hydrography

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Related to hydrographically: radiographically

hy·drog·ra·phy

 (hī-drŏg′rə-fē)
n. pl. hy·drog·ra·phies
1. The scientific description and analysis of the physical conditions, boundaries, flow, and related characteristics of the earth's surface waters.
2. The mapping of bodies of water.

hy·drog′ra·pher n.
hy′dro·graph′ic (hī′drə-grăf′ĭk) adj.
hy′dro·graph′i·cal·ly adv.
American Heritage® Dictionary of the English Language, Fifth Edition. Copyright © 2016 by Houghton Mifflin Harcourt Publishing Company. Published by Houghton Mifflin Harcourt Publishing Company. All rights reserved.

hydrography

(haɪˈdrɒɡrəfɪ)
n
1. (Physical Geography) the study, surveying, and mapping of the oceans, seas, and rivers. Compare hydrology
2. (Physical Geography) the oceans, seas, and rivers as represented on a chart
hyˈdrographer n
Collins English Dictionary – Complete and Unabridged, 12th Edition 2014 © HarperCollins Publishers 1991, 1994, 1998, 2000, 2003, 2006, 2007, 2009, 2011, 2014

hy•drog•ra•phy

(haɪˈdrɒg rə fi)

n.
1. the science of the measurement, description, and mapping of the surface waters of the earth, esp. with reference to their use for navigation.
2. those parts of a map collectively that represent surface waters.
[1550–60]
hy•drog′ra•pher, n.
hy•dro•graph•ic (ˌhaɪ drəˈgræf ɪk) adj.
Random House Kernerman Webster's College Dictionary, © 2010 K Dictionaries Ltd. Copyright 2005, 1997, 1991 by Random House, Inc. All rights reserved.

hydrography

The science which deals with the measurements and description of the physical features of the oceans, seas, lakes, rivers, and their adjoining coastal areas, with particular reference to their use for navigational purposes.
Dictionary of Military and Associated Terms. US Department of Defense 2005.

hydrography

1. the study, description, and mapping of oceans, lakes, and rivers, especially with reference to their use for navigational purposes.
2. those parts of the map, collectively, that represent surface waters. — hydrographer, n.hydrographic, hydrographical, adj.
See also: Water
-Ologies & -Isms. Copyright 2008 The Gale Group, Inc. All rights reserved.

hydrography

The study and mapping of rivers, seas, and oceans.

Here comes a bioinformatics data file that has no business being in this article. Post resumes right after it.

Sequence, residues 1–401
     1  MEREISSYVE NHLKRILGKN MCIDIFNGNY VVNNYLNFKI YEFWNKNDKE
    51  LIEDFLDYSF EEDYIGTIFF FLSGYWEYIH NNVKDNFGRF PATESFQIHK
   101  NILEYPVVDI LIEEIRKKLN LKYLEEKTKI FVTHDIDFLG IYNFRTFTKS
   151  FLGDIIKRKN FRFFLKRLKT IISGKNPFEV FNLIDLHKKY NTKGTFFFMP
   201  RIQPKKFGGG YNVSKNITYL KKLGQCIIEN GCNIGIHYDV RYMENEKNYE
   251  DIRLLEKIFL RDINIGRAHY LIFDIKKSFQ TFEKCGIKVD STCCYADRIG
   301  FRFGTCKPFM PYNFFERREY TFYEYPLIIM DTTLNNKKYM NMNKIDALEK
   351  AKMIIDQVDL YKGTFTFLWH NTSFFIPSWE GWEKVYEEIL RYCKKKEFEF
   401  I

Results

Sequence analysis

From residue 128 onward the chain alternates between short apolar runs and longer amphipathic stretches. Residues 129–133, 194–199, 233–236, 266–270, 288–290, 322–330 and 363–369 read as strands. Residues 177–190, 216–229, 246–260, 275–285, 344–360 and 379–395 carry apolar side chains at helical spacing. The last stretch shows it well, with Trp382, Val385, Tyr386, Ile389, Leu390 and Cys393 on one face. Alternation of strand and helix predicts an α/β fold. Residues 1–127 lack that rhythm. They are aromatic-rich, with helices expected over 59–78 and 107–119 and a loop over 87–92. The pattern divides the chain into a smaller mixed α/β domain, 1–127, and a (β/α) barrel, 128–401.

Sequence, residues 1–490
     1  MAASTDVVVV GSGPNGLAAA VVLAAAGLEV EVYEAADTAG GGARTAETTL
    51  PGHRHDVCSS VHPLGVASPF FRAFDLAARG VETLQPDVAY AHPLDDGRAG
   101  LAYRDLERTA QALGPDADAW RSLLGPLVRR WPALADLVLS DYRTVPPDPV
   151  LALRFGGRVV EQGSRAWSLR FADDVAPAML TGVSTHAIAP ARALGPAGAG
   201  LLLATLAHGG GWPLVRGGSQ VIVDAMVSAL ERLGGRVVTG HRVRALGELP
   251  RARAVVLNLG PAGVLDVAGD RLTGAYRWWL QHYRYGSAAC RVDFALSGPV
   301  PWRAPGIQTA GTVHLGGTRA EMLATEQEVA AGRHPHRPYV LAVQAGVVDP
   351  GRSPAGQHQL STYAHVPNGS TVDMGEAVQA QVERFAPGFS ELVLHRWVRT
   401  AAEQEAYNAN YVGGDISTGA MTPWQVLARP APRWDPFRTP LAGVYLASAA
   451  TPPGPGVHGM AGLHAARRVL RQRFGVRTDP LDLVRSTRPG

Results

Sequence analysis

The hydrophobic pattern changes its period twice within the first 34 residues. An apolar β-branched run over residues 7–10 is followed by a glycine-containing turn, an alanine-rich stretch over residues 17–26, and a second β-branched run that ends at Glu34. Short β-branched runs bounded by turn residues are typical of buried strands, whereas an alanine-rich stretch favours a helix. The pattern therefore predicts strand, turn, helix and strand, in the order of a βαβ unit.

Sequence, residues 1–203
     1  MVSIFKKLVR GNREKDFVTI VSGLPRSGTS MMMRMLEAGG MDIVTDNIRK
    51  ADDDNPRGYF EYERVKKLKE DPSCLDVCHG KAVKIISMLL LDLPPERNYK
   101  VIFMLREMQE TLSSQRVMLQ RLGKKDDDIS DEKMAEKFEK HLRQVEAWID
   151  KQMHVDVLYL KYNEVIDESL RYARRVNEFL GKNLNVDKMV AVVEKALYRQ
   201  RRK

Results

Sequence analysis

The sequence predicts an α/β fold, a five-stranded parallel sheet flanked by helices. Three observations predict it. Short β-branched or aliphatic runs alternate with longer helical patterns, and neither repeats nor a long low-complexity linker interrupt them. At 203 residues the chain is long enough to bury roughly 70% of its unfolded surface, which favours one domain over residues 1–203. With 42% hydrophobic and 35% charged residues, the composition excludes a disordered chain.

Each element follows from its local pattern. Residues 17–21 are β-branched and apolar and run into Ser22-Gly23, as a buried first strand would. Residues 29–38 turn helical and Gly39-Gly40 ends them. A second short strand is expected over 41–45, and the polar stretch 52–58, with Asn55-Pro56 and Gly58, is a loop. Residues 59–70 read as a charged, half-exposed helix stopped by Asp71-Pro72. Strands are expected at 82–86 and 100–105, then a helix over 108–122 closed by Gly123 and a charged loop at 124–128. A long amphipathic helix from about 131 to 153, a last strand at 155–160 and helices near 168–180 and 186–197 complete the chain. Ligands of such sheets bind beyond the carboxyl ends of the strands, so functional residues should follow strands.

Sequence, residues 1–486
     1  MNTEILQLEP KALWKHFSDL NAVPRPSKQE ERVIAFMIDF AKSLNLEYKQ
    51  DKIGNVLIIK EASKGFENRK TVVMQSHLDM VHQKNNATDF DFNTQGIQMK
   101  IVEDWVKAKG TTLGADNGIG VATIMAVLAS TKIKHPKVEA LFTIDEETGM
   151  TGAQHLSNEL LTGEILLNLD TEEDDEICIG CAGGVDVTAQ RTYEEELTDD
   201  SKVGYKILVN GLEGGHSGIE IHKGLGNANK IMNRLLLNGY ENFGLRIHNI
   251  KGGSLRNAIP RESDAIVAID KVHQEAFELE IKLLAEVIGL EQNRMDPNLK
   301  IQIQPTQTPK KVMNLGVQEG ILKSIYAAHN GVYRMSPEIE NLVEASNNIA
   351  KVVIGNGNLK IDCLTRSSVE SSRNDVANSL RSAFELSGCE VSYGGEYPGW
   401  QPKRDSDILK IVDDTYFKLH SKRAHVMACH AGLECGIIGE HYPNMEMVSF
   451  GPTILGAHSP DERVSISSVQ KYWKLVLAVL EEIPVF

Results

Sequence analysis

Dictionary of Unfamiliar Words by Diagram Group Copyright © 2008 by Diagram Visual Information Limited
ThesaurusAntonymsRelated WordsSynonymsLegend:
Noun1.hydrography - the science of the measurement and description and mapping of the surface waters of the earth with special reference to navigation
oceanography, oceanology - the branch of science dealing with physical and biological aspects of the oceans
Based on WordNet 3.0, Farlex clipart collection. © 2003-2012 Princeton University, Farlex Inc.
Translations

hydrography

[haɪˈdrɒgrəfɪ] Nhidrografía f
Collins Spanish Dictionary - Complete and Unabridged 8th Edition 2005 © William Collins Sons & Co. Ltd. 1971, 1988 © HarperCollins Publishers 1992, 1993, 1996, 1997, 2000, 2003, 2005

hydrography

nGewässerkunde f
Collins German Dictionary – Complete and Unabridged 7th Edition 2005. © William Collins Sons & Co. Ltd. 1980 © HarperCollins Publishers 1991, 1997, 1999, 2004, 2005, 2007
References in periodicals archive ?
As deltas prograde, the main channel of the river--through an inevitable break in the natural levee--finds a more hydrographically efficient route to the sea (Roberts 1997).
Using laser technology, in the right water conditions, CZMIL can rapidly survey the near-shore region, both topographically and hydrographically to safety of navigation specifications in water depths of up to 50 meters.
Future comparative studies of reproductive and other life-history traits may show further characteristic differences between hydrographically and genetically isolated populations of M.
The Great Basin is an extensive region of the arid western United States that is characterized hydrographically by internal drainage (Grayson, 1993).
Under Abu Ya'qub Yusuf an ambitious but ultimately failed project had been undertaken to supply ceuta with water from the hydrographically rich small neighbouring satellite community of Belyunech (Balyunash), and we cannot rule out the possibility that Almohad planning for the Tangier qasba included virtually identical provisions.
(10) This implies that violence over water is strategically irrational, hydrographically ineffective and not economically viable.
He observes that "war over water seems neither strategically rational, nor hydrographically effective nor economically viable." In other words, there is little reason for a "water war" between Egypt and Ethiopia.